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  9.  29
    Politics in the Middle: For a Political Interpretation of the Dualisms in Deleuze and Guattari.Rodrigo Nunes - 2010 - Deleuze and Guatarri Studies 4 (Suppl):104-126.
    The paper identifies three recent lines of interpretation of the politics that can be derived from Deleuze and Guattari, all of which share a way of reading the dualisms in their work that can be traced back to how they understand the actual/virtual partition, and to an alleged pre-eminence of the virtual over the actual. It is argued that this reading is not only inaccurate, but obscures the political dimension of Deleuze and Guattari's work. Clarifying the latter requires a reinterpretation (...)
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  10.  66
    Adding Deleuze to the Mix.John Protevi - 2010 - Phenomenology and the Cognitive Sciences 9 (3):417-436.
    In this article I will suggest ways in which adding the French philosopher Gilles Deleuze to the mix can complement and extend the 4EA approach to cognitive science. In the first part of the paper, I will show how the Deleuzean tripartite ontological difference (virtual/intensive/actual) can provide an explicit ontology for dynamical systems theory. The second part will take these ontological notions and apply them to three areas of concern to the 4EA approaches: (a) the Deleuzean concept of the virtual (...)
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  11.  67
    Peter Hallward: Out of This World: Deleuze and the Philosophy of Creation. [REVIEW]Erinn Cunniff Gilson - 2009 - Continental Philosophy Review 42 (3):429-434.
    Review essay of Peter Hallward's Out of This World: Deleuze and the Philosophy of Creation.
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  12.  73
    If Not Here, Then Where? On the Location and Individuation of Events in Badiou and Deleuze.James Williams - 2009 - Deleuze and Guatarri Studies 3 (1):97-123.
    This paper sets out a series of critical contrasts between Alain Badiou and Gilles Deleuze's philosophies of the event. It does so in the context of some likely objections to their positions from a broadly analytic position. These objections concern problems of individuation and location in space-time. The paper also explains Deleuze and Badiou's views on the event through a literary application on a short story by John Cheever. In conclusion it is argued that both thinkers have good answers to (...)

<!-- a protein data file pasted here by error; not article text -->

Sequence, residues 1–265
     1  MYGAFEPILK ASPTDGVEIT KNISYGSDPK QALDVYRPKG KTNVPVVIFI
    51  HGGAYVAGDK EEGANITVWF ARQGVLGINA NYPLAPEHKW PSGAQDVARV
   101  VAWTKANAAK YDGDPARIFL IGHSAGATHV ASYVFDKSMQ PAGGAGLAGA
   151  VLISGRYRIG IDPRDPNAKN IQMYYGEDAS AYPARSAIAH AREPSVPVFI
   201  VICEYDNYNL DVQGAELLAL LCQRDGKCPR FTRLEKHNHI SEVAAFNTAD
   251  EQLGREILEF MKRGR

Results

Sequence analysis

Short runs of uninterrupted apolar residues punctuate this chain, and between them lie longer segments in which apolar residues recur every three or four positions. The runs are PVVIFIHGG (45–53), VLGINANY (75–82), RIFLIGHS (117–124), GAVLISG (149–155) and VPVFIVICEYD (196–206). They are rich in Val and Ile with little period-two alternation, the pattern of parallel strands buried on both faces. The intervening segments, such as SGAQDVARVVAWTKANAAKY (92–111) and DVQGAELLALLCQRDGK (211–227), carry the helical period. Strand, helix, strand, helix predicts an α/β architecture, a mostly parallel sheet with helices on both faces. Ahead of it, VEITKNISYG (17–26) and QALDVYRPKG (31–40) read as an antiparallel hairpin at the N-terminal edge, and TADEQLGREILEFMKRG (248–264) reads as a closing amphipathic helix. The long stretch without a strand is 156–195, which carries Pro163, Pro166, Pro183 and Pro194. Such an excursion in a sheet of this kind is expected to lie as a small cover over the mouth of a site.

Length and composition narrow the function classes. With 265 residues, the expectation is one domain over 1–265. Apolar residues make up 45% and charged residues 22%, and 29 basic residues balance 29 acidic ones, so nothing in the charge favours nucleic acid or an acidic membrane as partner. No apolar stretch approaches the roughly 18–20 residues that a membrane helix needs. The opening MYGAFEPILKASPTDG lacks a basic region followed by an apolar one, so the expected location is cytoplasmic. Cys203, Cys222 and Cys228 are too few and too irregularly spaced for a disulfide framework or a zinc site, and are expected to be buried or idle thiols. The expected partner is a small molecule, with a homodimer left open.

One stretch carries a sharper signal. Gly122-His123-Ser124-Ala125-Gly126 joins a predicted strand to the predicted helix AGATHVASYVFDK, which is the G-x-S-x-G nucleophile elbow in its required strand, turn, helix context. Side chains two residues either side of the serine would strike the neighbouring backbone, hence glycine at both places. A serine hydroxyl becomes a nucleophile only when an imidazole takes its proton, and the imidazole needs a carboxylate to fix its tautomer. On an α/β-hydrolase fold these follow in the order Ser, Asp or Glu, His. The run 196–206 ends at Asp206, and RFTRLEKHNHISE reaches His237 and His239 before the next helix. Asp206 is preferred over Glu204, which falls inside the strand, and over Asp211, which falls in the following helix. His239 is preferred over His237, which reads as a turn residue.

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  13.  70
    Gilles Deleuze and Michel Henry: Critical Contrasts in the Deduction of Life as Transcendental.James Williams - 2008 - Sophia 47 (3):265-279.
    To address the theological turn in phenomenology, this paper sets out critical arguments opposing the theist phenomenology of Michel Henry and Gilles Deleuze’s philosophy of the event. Henry’s phenomenology has been overlooked in recent commentaries compared with, for example, Jean-Luc Marion’s work. It will be shown here that Henry’s philosophy presents a detailed novel turn in phenomenology structured according to critical moves against positions developed from Husserl, Heidegger, and Merleau-Ponty. This demonstration is done through a strong contrast with Deleuze and (...)
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  14.  24
    The Determination of Sense Via Deleuze and Blanchot: Paradoxes of the Habitual, the Immemorial, and the Eternal Return.Eugene Brently Young - 2008 - Deleuze and Guatarri Studies 2 (2):155-177.